‘What a funny little church?’ said the nice new lady to me one Sunday morning recently as I greeted her on the steps of our chapel on her way in to worship. She meant the building of course, not the people? Actually, she really likes the people. This was her second Sunday with us and it looks like she is intent on making our Fellowship her spiritual home. My friend Craig (who was at the door with me at the time) explained that although our chapel does appear to be ‘squeezed in’ next to some big houses, the big houses came much later. In fact, when the chapel was built in 1882 Hope Chapel, as the new building was called, was something of a landmark in the small village and was described at the time as ‘the most modern building in Knaphill’. The chapel was surrounded by open spaces in those days … the houses all came much later. ‘But there is nowhere to park?’ our new lady responded … and of course she was quite correct about this. ‘Yes, we have lots of problems building wise’ I acknowledged ‘but the people are great … and in any case I would really like us to buy The Anchor pub in the centre of Knaphill, run it 24/7 as a Community Hub, and move the church in there!’ I don’t know who was more shocked at my comment … the nice new lady or Craig?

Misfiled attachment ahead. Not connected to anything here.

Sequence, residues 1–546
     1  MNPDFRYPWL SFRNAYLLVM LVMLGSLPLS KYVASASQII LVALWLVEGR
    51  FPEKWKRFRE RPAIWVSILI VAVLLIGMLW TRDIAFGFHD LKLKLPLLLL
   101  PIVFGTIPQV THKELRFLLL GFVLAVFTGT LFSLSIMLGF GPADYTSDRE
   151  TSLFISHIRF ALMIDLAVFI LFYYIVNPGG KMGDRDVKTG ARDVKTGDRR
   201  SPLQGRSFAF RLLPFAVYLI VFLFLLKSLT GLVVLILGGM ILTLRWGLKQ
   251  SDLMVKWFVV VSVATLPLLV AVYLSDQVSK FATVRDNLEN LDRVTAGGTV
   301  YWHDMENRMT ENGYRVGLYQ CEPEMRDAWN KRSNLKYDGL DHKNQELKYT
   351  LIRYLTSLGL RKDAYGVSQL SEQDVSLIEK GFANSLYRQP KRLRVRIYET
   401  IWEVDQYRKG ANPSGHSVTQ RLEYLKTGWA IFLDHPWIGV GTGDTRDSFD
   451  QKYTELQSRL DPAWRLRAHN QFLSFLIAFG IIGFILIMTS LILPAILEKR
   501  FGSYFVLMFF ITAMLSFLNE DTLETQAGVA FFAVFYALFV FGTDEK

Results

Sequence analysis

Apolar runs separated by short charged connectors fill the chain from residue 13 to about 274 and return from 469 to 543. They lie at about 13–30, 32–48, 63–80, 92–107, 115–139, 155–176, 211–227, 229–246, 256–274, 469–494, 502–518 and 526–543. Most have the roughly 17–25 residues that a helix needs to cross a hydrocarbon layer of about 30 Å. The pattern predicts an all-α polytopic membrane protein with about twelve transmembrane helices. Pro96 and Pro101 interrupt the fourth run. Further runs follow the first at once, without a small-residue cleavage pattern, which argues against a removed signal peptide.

Now of course, this is just another one of my ‘crazy ideas’ at this stage, although I have ‘tested the waters’ by sharing the idea with a few people to see what their reaction would be. The Deacons haven’t discussed it. The Church Meeting haven’t discussed it. It is just one of those ‘daft notions’ like Noah building an Ark or Abraham leaving his ‘comfort zone’ in search of an unknown Promised Land? God could be in this … or it could simply be a ‘pipe dream’? What I am sure of, however, is that wherever possible local churches should become ‘Community Hubs’, and that our own little chapel (as cute and well maintained a building as it is) is actually holding us back from fulfilling the mission that God has called us to.